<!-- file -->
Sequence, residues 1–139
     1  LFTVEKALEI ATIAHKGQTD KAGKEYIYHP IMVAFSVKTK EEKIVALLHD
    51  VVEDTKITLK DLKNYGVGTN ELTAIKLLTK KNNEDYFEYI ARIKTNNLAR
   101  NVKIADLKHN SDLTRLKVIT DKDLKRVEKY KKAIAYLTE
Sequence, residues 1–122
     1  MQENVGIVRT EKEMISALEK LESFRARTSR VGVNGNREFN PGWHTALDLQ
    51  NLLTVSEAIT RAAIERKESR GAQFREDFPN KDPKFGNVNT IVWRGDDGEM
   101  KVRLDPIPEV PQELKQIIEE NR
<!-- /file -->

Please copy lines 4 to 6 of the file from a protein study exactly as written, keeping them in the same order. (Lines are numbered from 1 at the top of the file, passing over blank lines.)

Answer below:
   101  NVKIADLKHN SDLTRLKVIT DKDLKRVEKY KKAIAYLTE
Sequence, residues 1–122
     1  MQENVGIVRT EKEMISALEK LESFRARTSR VGVNGNREFN PGWHTALDLQ